University of Wyoming students are gaining valuable leadership and outdoor skills this summer while working on 18 Wyoming Conservation Corps (WCC) projects ranging from constructing trails at Big Horn National Recreation Area and bark beetle spraying in Sinks Canyon State Park to conducting historic restoration work at Fort Bridger.
Administered by Residence Life and Dining Services in UW’s Division of Student Affairs, WCC is a grant-supported program that engages students in conservation-based projects throughout the state, says Director Patrick Call. WCC has been supported by the Corporation for National and Community Services’ AmeriCorps program, Wyoming State Legislature and cooperating partners including the Bureau of Land Management, Wyoming Division of State Parks and Historic Sites, national parks and some industry, corporate and nonprofit organizations.
This summer, three crews already have begun work to complete 18 10-day projects. Patrick Harrington, WCC project coordinator, says 10 of the projects are sponsored by the State Parks and Historic Sites, traditionally the cooperating agency that supports the most WCC work projects each year.
“Some students have told me that working on WCC projects has been a life-changing experience,” Call says. “They are able to go out there and connect with the land and the environment, and be able to do things and give back to the greater good.”
Founded in 2006, the WCC continues the civil service tradition of the Civilian Conservation Corps of the 1930s and Youth Conservation Corps of the 1970s. Nearly 300 students have completed more than 200 projects relating to energy, wildlife, recreation, grazing, timber management, property restoration and maintenance, and water and air quality.
Projects being completed this summer are:
May 26-June 4 — Beetle kill mitigation at Sinks Canyon State Park; fencing work at Red Canyon Ranch; and pine beetle mitigation at Guernsey State Park.
June 9-18 — Two trail construction projects at Hot Springs State Park; beetle kill mitigation at Curt Gowdy State Park.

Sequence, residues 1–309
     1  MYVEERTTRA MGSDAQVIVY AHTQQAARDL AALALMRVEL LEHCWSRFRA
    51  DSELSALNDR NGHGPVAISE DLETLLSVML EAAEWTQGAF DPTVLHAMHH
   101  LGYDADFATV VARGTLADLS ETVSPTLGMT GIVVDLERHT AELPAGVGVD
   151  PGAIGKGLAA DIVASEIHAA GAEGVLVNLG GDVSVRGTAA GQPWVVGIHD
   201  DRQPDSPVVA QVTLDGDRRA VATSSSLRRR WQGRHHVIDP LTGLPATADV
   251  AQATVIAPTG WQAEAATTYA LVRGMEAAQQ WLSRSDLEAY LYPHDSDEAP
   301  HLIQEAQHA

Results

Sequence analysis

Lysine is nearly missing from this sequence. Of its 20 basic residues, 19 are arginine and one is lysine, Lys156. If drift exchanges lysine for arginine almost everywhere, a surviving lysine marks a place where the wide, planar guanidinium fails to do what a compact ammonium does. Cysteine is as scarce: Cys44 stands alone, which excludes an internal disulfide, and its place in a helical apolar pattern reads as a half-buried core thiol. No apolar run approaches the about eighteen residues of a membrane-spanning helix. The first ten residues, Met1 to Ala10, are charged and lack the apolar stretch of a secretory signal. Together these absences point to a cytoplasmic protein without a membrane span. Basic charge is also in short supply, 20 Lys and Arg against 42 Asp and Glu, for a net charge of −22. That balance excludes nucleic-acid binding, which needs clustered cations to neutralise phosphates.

June 23-July 2 — Trail construction with the Casper Rotary Club at Bridle Trail on Casper Mountain; trail construction projects at both Platte River trails and Glendo State Park.
July 7-16 — Fuel thinning and fencing at Devon State Lands near the Green Mountains in Fremont County; trails construction at Guernsey State Park; and fuels thinning for a UW/Forest Service research site that studies how forests respond to fire and treatments to increase the rate of recovery.
July 21-30 — Trail construction and Curt Gowdy State Park; and two projects to restore trails and a historic orchard at Big Horn National Recreation Area.
Aug. 4-13 — Historic restoration at Fort Bridger; fencing and sage grouse inventory for the Buffalo Bureau of Land Management; and fencing at Buffalo Bill State Park.
Students working on the WCC crews, listed by hometown and major area of study, are:
Boise, Idaho — Lea Steiner, nutrition and dietetics.
Buffalo — Natalie Perkins, psychology.
Cape Charles, Va. — Clelia Sheppard, psychology.
Casper — Shane Nielsen, physiology.
Centennial, Colo. — Lindsay Patrick, engineering.
Cheyenne — Gaige Braden, kinesiology.
Colorado Springs, Colo. — Karl Maes, undeclared.
Evanston — John Evans, physics.
Grand Junction, Colo. — Travis Keune, rangeland ecology.
Green River — Tiffany Adamski, English.
Houston, Texas — Ross Bulawa, undeclared.
Laramie — Alanna Elder, ecology.
Lincoln, Neb. — Madison Graulty, civil engineering.
London, Ohio — Matthew Pritchard, rangeland ecology.
Longmont, Colo. — Seymone O’Brien, ecology and environment and natural resources.
Loveland, Colo. — Katie Brose, music education.
San Diego, Calif. — Billy Sanford, journalism.
Scotland, S.D. — Rhiannon Jakopak, wildlife and fisheries biology.
Scottsbluff, Neb. — Ben Weibe, communications.
Sheridan — Phil Klebba, environment and natural resources and ecosystem management.
St. Louis, Mo. — Jim Fried, geography and environment and natural resources; Brian Walser, environmental studies; and Nancy Davidson, geography.
Venice, Fla. — Maggie LeFrance, political science.